For me it is not very hard to feel the injustice of racism on behalf of others, but much more difficult to understand the privilege and the deception at the root of my own self-identification. Whiteness, Coates reminds, is a social construction that has shifted over time; my own Irish ancestors were once not considered white. Whiteness, he says, is “a syndicate arrayed to protect its exclusive power to dominate our bodies.” I read these words while sitting on the leafy deck of my suburban house on the edge of a golf course; how could they not upset me and rattle my view of myself? I have gotten an extensive education, worked hard, and been fairly successful in my chosen profession, so those perks in my life seem natural, don’t they? Coates forces on me the awareness that that sense of naturalness, of entitlement even, is constructed. It is not “natural” to everyone, and my entitlement has been – continues to be — built on the suffering of others.
Coates has shown me, I think, how very deep the reality of White privilege is. It is not just found in the relative security I feel when out in public, or applying for a job, or when stopped by the police. It is embedded in the very myths and narratives that are the foundation of the culture in which I live, and it allows me to be profoundly ignorant of those other narratives that Coates discovered, and even began to challenge, while he was at “The Mecca.” His explorations of himself, his ancestors, and his societies must be so much deeper than mine because for me the narrative is ready-made and inclusive; for him it must be won through struggle, lest he be crushed by the violence of someone else’s story (mine!).
What makes Between the World and Me a daring book to ask all incoming students to read is that it challenges the very moral of the American story, the comfortable belief that anyone who works hard and obeys the rules can succeed (by the standards of those on the inside). It destroys the myth of “pulling oneself up by the bootstraps,” and the related blame so often heaped on those perceived to fail at such self-help, by showing how society makes that process difficult and even impossible for some. It even questions the value of our “traditional” forms of education, themselves rooted in a history of violence and oppression.
On the other hand, however, it is significant to me that Coates himself began to find his own connections to the stories that would help him shape his identity in the library at Howard University. As our students arrive on campus, we want to welcome them, to make them feel that we are glad they are here, and to know that we will treat them equally and with respect. But we also have an opportunity, if we can embrace it, to help each student discover him or herself within the unique narratives that will be revelatory and self-defining for them. To do this we must adopt an attitude of cultural humility in the deepest possible sense. Libraries above all are a place for this to happen, if we will make space for it, physically and emotionally, and also collect with an eye to the great diversity of narratives that can truly support an inclusive campus aware of its role in promoting a more just society.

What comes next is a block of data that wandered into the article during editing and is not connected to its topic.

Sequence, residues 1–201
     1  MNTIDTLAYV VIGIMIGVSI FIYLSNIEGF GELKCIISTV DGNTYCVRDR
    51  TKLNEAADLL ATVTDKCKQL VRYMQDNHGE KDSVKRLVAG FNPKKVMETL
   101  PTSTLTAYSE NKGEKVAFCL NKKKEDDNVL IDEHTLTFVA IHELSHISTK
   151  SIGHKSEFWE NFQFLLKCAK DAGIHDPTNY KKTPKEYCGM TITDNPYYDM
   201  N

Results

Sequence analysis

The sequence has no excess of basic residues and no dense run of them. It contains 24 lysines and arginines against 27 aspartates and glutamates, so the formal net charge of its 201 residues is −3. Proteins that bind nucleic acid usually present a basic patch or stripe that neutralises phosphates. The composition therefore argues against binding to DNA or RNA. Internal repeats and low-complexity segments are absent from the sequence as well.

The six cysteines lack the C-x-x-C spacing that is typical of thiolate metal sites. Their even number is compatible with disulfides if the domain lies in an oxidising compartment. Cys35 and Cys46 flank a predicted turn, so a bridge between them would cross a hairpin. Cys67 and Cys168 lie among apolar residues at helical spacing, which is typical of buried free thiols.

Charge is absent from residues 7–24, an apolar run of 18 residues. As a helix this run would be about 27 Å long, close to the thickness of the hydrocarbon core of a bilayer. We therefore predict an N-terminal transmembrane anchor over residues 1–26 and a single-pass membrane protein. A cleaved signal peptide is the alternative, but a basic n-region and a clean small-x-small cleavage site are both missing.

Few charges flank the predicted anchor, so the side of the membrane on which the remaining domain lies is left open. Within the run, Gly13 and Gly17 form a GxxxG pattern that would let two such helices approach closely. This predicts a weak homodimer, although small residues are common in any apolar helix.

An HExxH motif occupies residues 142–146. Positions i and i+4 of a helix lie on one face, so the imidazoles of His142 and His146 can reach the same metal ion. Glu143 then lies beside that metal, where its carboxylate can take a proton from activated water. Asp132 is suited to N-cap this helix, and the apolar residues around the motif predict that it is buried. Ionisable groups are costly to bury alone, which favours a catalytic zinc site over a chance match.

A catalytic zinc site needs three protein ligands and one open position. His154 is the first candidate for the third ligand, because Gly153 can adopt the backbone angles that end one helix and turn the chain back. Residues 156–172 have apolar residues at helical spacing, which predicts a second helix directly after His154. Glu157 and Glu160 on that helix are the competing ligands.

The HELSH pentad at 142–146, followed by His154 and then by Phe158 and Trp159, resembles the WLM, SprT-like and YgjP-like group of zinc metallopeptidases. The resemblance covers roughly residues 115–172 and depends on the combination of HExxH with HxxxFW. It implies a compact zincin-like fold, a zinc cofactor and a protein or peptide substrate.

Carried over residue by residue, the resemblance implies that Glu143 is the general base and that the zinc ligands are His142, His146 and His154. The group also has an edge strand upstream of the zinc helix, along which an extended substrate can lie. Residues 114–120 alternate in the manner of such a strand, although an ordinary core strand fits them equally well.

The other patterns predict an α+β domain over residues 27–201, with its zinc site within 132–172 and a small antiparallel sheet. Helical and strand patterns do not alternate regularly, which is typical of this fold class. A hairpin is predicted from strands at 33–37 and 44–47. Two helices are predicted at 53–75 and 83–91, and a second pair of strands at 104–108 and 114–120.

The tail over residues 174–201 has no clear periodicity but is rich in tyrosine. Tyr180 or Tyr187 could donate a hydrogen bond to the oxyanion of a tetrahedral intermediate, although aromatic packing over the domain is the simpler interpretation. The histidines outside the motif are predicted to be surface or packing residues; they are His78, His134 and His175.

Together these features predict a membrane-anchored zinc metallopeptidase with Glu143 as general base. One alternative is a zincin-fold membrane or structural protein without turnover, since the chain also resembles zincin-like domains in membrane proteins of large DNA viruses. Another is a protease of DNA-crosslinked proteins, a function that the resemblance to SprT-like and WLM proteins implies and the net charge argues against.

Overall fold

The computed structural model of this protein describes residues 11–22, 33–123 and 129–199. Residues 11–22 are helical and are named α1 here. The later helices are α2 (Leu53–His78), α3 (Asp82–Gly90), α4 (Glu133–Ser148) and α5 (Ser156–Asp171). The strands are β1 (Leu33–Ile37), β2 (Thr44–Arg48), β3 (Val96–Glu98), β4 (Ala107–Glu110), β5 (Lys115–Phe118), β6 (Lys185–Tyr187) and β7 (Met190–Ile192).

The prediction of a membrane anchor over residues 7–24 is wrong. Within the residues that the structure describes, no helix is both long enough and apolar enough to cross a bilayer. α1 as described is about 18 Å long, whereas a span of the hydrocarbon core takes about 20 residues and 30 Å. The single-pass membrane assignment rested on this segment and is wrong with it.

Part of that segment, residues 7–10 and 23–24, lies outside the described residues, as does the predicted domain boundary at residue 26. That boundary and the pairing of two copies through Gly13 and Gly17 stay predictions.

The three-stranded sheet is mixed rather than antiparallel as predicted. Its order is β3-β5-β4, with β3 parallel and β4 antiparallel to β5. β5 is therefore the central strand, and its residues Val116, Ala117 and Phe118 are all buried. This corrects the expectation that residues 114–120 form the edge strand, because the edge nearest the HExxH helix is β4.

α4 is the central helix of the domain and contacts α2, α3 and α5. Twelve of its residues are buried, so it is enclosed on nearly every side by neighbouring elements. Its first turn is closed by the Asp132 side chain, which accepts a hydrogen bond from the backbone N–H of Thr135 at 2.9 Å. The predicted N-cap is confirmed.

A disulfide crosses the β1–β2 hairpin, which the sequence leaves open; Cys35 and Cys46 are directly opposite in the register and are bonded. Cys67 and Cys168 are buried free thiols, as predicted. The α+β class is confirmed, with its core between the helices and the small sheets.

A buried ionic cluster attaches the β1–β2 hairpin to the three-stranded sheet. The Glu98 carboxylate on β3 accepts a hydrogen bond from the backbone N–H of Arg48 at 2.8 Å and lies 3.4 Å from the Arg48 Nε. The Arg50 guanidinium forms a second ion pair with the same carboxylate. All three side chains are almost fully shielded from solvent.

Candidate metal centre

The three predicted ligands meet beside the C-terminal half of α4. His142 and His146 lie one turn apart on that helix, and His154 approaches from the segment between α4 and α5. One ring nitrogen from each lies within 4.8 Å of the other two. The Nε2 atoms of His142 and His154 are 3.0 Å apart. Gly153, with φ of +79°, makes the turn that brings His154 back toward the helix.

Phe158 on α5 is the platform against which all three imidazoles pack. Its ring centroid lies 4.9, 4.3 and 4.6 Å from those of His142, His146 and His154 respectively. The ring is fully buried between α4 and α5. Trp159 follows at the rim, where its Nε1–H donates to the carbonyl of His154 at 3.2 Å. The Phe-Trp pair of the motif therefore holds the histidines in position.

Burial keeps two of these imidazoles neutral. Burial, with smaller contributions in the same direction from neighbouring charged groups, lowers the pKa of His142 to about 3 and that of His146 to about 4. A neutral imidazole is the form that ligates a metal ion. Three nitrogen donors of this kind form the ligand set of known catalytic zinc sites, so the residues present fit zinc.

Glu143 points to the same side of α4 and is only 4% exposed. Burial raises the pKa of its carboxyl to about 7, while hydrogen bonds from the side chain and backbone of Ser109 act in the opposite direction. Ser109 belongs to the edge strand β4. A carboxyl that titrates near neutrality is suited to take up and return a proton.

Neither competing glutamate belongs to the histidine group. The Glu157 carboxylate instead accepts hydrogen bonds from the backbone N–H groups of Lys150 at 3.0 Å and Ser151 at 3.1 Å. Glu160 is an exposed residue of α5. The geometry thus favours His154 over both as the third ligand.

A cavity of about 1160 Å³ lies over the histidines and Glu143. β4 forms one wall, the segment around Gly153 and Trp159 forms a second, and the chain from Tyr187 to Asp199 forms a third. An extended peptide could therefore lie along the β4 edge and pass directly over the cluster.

It is so hard for those of us who identify with the majority culture, those who live and breathe inside “the Dream,” to step back and let others develop as their own selves, rather than as our narrative says they should. The dominant narrative often resorts to violence to prevent that development. But Coates shows us a different path. He writes that his own desire for his son is that he will grow so he does not feel the need to constrict himself in order to make other people comfortable. For those of us who live inside the dream made possible by centuries of oppression, it seems like a simple aspiration. But for many of our students it is very difficult indeed, and we need a personal and an institutional commitment to the attitude of humility and respect for difference — even differences that make us profoundly uncomfortable — that can open the space for it to happen.